-omics, -ome, -omes
(Greek: said to be a stem for "all, every, whole", or "complete"; that is, a field of study in biology that refers to the whole set of omics including their -omics and -ome subfields in order to understand life as a holistic existence and organic beings as a whole)
Bioinformatists and molecular biologists are thought to be among the first scientists to start to apply the -ome suffix in several scientific areas.
Bioinformatics is an information science that analyzes life processes using computational tools for solving biological problems and to give direction or an overview in biology.
Ome and omics are convenient ways to describe a holistic way of looking at complex systems. In the mid 1990's bioinformatists started realizing the convenience of -omics and used terms for many fields; such as, metabolome, textome, interactome, bacteriome, eukaryome, functome, patentome, neurome and so on.
Omics was coined by scientists to present the realization of the importance of information processing in biology that was proposed by many biologists and as such, it was made possible by the development of personal computers and personal computer operating systems; such as, Windows, Linux, and Apple.
2. A comprehensive map of neural connections in the brain.
Used primarily in scientific efforts to capture, to map, and to understand the organization of neural interactions within the brain.
Brain networks can be defined at different levels of scale, corresponding to levels of spatial resolution in brain imaging.
The principal focus of such a procedure is the brain.
The cytome is a collection of complex and dynamic cellular processes, structures, and functions, which are the basis of physiological processes.
It combines bioinformatic knowledge in order to understand the molecular architecture and functionality of the cell system (cytome).
Focusing on the distributions and compositions of all metalloproteins in proteome, and the characterization of their structures and functions, may be regarded as the overlap of metallomics and proteomics.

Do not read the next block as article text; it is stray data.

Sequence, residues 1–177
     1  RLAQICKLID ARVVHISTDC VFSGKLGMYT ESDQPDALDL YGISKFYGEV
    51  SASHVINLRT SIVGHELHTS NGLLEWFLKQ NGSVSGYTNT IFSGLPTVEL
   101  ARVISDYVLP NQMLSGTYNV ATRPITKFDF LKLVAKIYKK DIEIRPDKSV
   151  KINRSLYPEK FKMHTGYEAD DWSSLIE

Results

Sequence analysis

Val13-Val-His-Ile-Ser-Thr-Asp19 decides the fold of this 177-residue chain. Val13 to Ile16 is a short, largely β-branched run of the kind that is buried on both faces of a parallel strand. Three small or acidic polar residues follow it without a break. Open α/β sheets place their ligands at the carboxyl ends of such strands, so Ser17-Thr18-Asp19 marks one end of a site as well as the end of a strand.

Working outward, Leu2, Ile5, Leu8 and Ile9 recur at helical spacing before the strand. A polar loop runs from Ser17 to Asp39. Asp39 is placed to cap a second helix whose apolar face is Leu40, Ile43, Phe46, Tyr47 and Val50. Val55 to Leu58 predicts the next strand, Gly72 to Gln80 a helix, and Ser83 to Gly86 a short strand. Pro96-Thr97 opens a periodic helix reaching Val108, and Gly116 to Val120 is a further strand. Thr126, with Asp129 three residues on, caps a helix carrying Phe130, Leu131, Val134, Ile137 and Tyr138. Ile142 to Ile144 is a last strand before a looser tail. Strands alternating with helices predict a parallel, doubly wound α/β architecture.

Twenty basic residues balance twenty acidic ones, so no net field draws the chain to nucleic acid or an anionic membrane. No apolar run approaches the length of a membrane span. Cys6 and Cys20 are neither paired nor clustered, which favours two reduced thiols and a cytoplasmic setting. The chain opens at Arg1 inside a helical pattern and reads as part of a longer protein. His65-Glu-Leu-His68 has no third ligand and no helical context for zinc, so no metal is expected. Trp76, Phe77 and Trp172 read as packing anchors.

Elementomics includes research in:
- Quantification of elements of interest in biological systems.
- The distributions of researched elements in biological systems.
- The specific element-assisted functions of biosciences in medicine, environment science, food science, agriculture, toxicology, biochemistry, etc.
Each exon codes for a specific portion of the complete protein and exons are separated by introns, long regions of DNA that have no apparent function.2. The study of a segment of a gene that contains information used in coding for protein synthesis.
Genetic information within genes is discontinuous, split among the exons that encode for messenger RNA and absent from the DNA sequences in between, which are called introns.
Exposome represents everything a person is exposed to in the environment including stress, diet, lifestyle choices, recreational and medicinal drug use, and infections; and it changes throughout life as our bodies, diets, and lifestyles change.2. The record of all exposures, both internal and external, that an individual receives over his or her lifetime, from conception onward.
These exposures range from chemicals in the environment to the body’s response to infection or psychological stress.3. Everything that a person encounters in daily life; from diet and drug use to stress, and what risks these exposures pose to an individual's health, and to unravel the causes of disease.
As biomonitoring tools become wearable to monitor an individual's exposure to environmental pollutants, and when such devices can work in real time, people will have better control of their exposome existence.
In this way, the exposome could pave the way for the personalized medicine that the human genome has promised but which has not yet been achieved.4. An approach using various genomic, proteomic (structure and analysis of proteins occurring in living organisms), and metabolomic (chemical reactions in living organisms to maintain life) methods to gather the information needed to characterize the exposome; for example, measuring gene expression, protein adducts, metals, and metabolites in human blood, and then using data analysis to sort out which ones are related to a disease.
2. A proposed term and field of study of disease-causing effects of environmental factors; also featuring the "nurture" component of "nature versus nurture".
2. An organism's genetic material.
3. All of the inheritable traits of an organism.